Today, the World Health Organization World Health Organization estimates that approximately 322 million people live with depression, making it both the most common mental health disorder and the leading cause of disability worldwide. Moreover, rates of depression have been increasing; between 2005 and 2015, diagnoses of depression rose by more than 18 percent, with experts warning that it is on track to become the 2nd most burdensome health condition by 2020.
It is also one of most financially costly: In 2013 alone, depression robbed the global market $1tn in lost productivity, with an additional $71 billion spent on ineffective treatments.
Symptoms vary, but generally clinical depression is characterized by:
- Persistent sadness
- Disturbed sleep
- Increased or decreased appetite
- Feelings of guilt
- Low self-worth
Beyond the subjective symptoms, depression is associated with disruptions in metabolic, hormonal, immune and inflammatory processes. And while the causes of depression are still being studied, depression is commonly understood to stem from a combination of psychological, physiological, and environmental factors. In some cases, depression may also be the result of conditions like Parkinson’s or hypothyroidism.
Nevertheless, though there is still much to learn about the origins and mechanics of depression, several key factors have been identified.
Unhealthy or extreme stress, particularly in early life, is a strong predictor for the development of depression in adulthood. When the body becomes stressed, the hypothalamus-pituitary-adrenal axis (HPA) becomes activated, trigging a complex set of interactions. The HPA axis releases corticotropin-releasing factor and arginine vasopressin into blood vessels connecting the hypothalamus and pituitary gland; these hormones then stimulate the production and secretion of adrenocorticotropic hormone (ACTH).
ACTH, in turn, promotes the release of glucocorticoid steroids such as cortisol, prolonged exposure to which has been linked to increased risk of depression. While various negative feedback loops – involving neurotransmitters like gamma-aminobutyric acid, norepinephrine, and serotonin – modulate HPA activation in healthy people, extreme or chronic stress appears to disrupt these processes, leading to the hyperactivity of the HPA axis seen in numerous psychiatric disorders, including depression.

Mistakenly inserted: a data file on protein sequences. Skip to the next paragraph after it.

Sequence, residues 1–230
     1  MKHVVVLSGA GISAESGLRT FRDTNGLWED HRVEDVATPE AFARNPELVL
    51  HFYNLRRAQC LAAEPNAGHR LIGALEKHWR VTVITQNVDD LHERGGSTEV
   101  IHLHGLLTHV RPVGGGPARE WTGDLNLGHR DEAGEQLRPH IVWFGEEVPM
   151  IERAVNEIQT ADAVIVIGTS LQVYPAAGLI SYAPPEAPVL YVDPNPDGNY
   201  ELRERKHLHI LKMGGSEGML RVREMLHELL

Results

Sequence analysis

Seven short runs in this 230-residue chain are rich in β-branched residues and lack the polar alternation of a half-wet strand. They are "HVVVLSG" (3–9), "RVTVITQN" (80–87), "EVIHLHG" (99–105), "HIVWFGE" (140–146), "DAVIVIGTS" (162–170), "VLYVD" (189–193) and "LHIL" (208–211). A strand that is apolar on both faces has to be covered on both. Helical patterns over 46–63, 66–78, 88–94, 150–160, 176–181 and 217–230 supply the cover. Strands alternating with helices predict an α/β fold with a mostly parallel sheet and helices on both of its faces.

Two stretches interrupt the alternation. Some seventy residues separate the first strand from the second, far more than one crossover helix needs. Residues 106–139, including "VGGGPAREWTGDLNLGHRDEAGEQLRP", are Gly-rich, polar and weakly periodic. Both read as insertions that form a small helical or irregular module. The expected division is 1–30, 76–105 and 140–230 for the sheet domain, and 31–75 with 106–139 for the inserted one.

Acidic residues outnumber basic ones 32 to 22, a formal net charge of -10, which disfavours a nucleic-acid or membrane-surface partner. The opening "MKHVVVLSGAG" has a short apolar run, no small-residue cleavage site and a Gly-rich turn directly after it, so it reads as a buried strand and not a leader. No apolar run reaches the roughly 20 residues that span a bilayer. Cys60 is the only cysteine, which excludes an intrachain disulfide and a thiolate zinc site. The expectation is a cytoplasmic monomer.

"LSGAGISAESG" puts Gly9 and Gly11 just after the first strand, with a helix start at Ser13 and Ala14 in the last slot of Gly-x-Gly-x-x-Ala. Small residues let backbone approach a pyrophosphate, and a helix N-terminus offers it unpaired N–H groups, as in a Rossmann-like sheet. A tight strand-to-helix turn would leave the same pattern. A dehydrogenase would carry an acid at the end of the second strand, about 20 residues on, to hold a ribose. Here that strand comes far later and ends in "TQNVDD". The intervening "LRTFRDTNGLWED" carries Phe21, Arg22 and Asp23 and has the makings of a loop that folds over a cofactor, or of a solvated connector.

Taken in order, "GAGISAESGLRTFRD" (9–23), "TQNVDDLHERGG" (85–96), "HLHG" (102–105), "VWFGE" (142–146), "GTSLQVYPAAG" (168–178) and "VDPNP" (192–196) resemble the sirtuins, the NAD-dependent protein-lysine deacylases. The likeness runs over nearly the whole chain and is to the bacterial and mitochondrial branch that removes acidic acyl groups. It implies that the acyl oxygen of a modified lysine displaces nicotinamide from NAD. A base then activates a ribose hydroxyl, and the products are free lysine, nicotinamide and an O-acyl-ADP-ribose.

Inflammation is also an important factor in the pathophysiology of depression. A relic of our ancient past, the human body exhibits an inflammatory bias – the tendency to respond to stressors with inflammation irrespective of their origin or nature. While helpful in the case of minor infections and injuries, chronic inflammation is associated with depression. In depressed individuals, consistently elevated levels of inflammatory biomarkers repeatedly trigger inflammation, leading to structural changes in the brain and disruptions in neuroendocrine functioning.
Several double-blinded, placebo-controlled studies have strongly suggested a causal relationship between inflammation and depression. When healthy adults were injected with lipopolysaccharide or interferon-gamma, levels of proinflammatory cytokines rose, leading to acute increases in depressive symptoms that coincided with peaks in inflammatory responses.
Rates of neurogenesis, the creation of new neurons, are another important factor in depression-related pathology. Ongoing neurogenesis is critical for establishing synaptic connections that improve neurological functioning throughout a person’s life. It is unsurprising then, that disturbed neurogenesis has been implicated in depression, and may also impede responsiveness to current frontline therapeutics. Impaired neurogenesis has been found to correlate with chronically high levels of stress hormone and depressive symptoms in mice models; adult mice that had been exposed to psychosocial stressors were found to exhibit both overall reductions in neurogenesis and reduced survivability of new cells. Lower rates of neurogenesis occur due to hyperactivity of the HPA-axis, a paucity of neurotrophins like brain derived neurotrophic growth factor, and chronic inflammation.